Monthly book roundup – 2016 January

Books finished in January:
(Warning: reviews are unpolished and quickly written.)

A Primate’s Memoir: A Neuroscientist’s Unconventional Life Among the Baboons (2002) by Roberty M Sapolsky. Very good book about baboons and humans. Written by an American working in Kenya. Probably very tiresome if you do not like the author’s sense of humour, but I found it ok, and really liked the book. Recommended.

Aurora (2015) by Kim Stanley Robinson. Warning: Spoiler alert! Review: Aurora is a sceptical take on space exploration. A space ship and its inhabitants reach the “Earth analog” Aurora 160 years after leaving Saturn. When starting to terraform Aurora, they discover a deadly prion and give up the project. Most return to Earth, where they start to advocate that trying to establish human settlements on other planets is futile, because either such a planet is alive, in which case it will be poisonous, or it is alive, in which case it will take too long to terraform. The novel takes biological og sociological challenges seriously, but the position that societies of tens of thousands of people will not be large enough to survive and thrive long enough to terraform another planet or reach a suitable one seems puzzling, as many long-living tribes in human history have not been larger than that. Nevertheless, good to read something less optimistic and smoothly-going than many other accounts of space exploration (though the space ship people have their share of luck as well). Ends with a meditation of the value of the nature on Earth and the experiences it gives us, which even though space exploration is exciting, should not be forgotten.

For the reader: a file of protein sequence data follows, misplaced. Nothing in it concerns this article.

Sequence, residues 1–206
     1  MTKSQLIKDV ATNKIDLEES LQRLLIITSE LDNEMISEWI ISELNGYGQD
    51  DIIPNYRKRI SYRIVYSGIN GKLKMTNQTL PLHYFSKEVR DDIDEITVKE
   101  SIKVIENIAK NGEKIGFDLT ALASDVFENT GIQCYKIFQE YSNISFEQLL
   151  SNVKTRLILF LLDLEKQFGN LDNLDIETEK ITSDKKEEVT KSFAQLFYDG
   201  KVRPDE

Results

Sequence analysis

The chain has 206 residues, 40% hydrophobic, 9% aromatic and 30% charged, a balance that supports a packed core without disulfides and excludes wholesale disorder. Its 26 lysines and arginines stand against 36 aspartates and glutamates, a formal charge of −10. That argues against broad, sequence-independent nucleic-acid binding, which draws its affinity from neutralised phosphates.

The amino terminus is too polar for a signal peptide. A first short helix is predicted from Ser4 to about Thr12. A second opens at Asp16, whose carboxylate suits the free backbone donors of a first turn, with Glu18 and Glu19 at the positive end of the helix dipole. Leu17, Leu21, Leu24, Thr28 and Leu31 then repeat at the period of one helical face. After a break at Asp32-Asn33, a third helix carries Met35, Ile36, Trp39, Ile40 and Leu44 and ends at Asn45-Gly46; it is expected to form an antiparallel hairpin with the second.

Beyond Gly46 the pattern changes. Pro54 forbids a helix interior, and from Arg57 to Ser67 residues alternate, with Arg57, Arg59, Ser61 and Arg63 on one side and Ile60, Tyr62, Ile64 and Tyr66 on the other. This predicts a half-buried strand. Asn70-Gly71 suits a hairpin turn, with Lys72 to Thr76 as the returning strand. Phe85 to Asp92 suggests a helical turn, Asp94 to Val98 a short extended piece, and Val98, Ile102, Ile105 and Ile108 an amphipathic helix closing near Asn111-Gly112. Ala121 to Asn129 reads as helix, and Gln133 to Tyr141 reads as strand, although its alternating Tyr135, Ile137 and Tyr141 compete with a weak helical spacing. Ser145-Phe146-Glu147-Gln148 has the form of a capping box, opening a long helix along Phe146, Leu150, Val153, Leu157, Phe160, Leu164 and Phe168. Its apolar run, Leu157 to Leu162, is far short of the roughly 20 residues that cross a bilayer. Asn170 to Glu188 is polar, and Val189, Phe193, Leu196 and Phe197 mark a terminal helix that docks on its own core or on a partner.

The UnAmericans: Stories (2014) by Molly Antopol. Short stories about Americans with Eastern European backgrounds. Did not do much for me.

Ratings and old books are in the library.

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